The COVID hotel scheme that took New York City for $ 400,000

A guest checking into a Manhattan hotel.
Photo: ANGELA WEISS / AFP via Getty Images

It sounded like the ultimate travel deal in the COVID era: five-star hotels in Manhattan at a 60 percent discount. “I do not know exactly what hotel you would be in, but I know it would be a 5 star hotel … be ready for a cash app !!” read a Facebook post that hyped the deal. A hotel campaign that is only a cash app can raise a few red flags, but trust that the rooms were very real — they should just be set aside for COVID patients and healthcare providers. The scam was uncovered after four months of excellent business, and this week, federal prosecutors accused Chanette Lewis of fraudulently booking New York City emergency hotel hotels using stolen personal information. Lewis, 30, and three other accomplices are alleged to have advertised the rooms on Facebook and earned as much as $ 400,000 by booking more than 2,700 nights for stays last spring and summer.

Lewis, whose real job was to book quarantine rooms on behalf of the city, had access to the health professionals’ personal information through his work at the Office of Emergency Management. But she allegedly used their credentials to book stays for her guests instead, making it look like they had been exposed to COVID. “I stole some doctor numbers and emails … I wrote down the employees ID number lmao,” prosecutors Lewis wrote in a Facebook message. The hotel rooms, which would normally run into hundreds of dollars a night, cost only $ 50 per night. Night and $ 150 for the week. She then took the cash, prosecutors say, and the city was billed for the rooms. The grip went so well that Lewis recruited others to help her. “I will teach you the ropes in it,” she sent message to her co-conspirator Tatiana Benjamin, 26, in June. Her guests did the opposite of quarantine; some threw parties and, as a special agent of the American lawyer ominously put it, “engaged in violence.” Lewis even booked 28 nights for himself.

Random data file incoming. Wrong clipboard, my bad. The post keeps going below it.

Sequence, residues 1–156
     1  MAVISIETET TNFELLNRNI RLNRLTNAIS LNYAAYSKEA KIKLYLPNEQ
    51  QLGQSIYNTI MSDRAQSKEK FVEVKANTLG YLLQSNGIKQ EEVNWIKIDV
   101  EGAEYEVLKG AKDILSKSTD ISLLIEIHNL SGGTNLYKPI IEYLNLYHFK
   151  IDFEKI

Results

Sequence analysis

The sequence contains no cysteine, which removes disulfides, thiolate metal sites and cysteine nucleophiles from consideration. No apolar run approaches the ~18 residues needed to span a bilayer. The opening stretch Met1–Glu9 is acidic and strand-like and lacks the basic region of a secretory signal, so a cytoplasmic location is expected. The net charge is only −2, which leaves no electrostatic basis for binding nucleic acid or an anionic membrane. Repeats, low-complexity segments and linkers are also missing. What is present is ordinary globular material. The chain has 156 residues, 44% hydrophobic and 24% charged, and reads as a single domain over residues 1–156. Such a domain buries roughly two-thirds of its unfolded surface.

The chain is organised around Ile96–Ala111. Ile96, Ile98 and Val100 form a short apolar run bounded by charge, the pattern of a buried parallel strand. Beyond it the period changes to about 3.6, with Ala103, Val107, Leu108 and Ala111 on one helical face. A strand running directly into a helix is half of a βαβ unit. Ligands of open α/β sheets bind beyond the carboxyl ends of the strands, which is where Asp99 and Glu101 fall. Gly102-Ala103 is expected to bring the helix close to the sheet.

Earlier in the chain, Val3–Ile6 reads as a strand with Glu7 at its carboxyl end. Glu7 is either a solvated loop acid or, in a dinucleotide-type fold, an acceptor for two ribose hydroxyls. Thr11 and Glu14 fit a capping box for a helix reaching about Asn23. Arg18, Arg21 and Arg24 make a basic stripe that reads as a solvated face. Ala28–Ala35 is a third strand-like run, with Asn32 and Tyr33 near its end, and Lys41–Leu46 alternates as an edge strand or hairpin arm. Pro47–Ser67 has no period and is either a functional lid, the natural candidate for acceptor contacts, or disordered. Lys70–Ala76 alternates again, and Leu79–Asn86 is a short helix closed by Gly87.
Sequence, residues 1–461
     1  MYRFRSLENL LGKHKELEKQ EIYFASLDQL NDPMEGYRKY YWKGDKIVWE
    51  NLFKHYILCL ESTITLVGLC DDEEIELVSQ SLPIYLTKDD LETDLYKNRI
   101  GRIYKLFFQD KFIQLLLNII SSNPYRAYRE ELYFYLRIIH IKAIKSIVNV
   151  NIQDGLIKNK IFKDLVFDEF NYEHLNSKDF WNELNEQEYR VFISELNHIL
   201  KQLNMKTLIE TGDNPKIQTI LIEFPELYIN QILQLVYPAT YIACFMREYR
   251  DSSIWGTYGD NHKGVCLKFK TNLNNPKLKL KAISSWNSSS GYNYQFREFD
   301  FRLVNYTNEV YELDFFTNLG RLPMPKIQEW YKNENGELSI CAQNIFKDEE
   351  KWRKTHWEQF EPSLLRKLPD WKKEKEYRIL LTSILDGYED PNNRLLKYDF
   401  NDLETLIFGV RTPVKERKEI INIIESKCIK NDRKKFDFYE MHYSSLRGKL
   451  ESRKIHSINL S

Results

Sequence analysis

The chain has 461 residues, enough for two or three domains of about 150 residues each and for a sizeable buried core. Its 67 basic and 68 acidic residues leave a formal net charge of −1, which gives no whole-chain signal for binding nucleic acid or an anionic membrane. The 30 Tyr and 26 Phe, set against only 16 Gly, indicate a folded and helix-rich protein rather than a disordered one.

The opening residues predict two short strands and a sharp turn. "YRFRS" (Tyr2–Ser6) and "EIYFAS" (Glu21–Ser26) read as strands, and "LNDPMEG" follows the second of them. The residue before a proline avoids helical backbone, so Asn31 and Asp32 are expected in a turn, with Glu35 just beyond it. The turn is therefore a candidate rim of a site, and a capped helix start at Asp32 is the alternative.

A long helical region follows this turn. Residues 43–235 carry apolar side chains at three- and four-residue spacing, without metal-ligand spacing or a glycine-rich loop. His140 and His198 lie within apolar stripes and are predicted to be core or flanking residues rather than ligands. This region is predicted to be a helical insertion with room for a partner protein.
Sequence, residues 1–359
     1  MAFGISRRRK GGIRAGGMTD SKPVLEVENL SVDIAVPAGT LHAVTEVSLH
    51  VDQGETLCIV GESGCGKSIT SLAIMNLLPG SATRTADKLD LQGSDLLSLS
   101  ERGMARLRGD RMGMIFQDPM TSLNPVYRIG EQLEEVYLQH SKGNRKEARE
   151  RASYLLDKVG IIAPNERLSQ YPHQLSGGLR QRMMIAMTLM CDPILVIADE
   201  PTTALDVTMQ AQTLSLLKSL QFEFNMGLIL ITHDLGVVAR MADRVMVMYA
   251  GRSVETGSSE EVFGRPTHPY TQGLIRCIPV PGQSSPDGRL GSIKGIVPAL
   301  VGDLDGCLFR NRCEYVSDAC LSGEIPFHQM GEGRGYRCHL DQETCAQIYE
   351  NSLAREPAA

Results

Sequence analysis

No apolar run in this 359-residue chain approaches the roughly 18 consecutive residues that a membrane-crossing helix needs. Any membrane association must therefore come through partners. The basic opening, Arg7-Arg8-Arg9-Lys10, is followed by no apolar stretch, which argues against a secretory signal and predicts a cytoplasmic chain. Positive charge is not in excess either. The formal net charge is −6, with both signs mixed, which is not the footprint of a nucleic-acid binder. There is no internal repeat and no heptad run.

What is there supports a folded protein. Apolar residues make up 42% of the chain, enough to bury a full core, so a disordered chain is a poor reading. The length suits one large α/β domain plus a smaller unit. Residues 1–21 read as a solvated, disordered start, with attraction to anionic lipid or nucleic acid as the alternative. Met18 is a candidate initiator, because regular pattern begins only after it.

The city caught up with the alleged scam in early July and immediately started people from rooms and sent out letters canceling future reservations made through the scheme. If convicted, Lewis could face more than 70 years in prison; her accomplices could face 40 years each. It took some time before the charges were filed, but as everything started to fall apart last year, the grabbers apparently saw the writing on the wall – as Benjamin wrote to Lewis in a Facebook message: “We’m going to jail lmao.”

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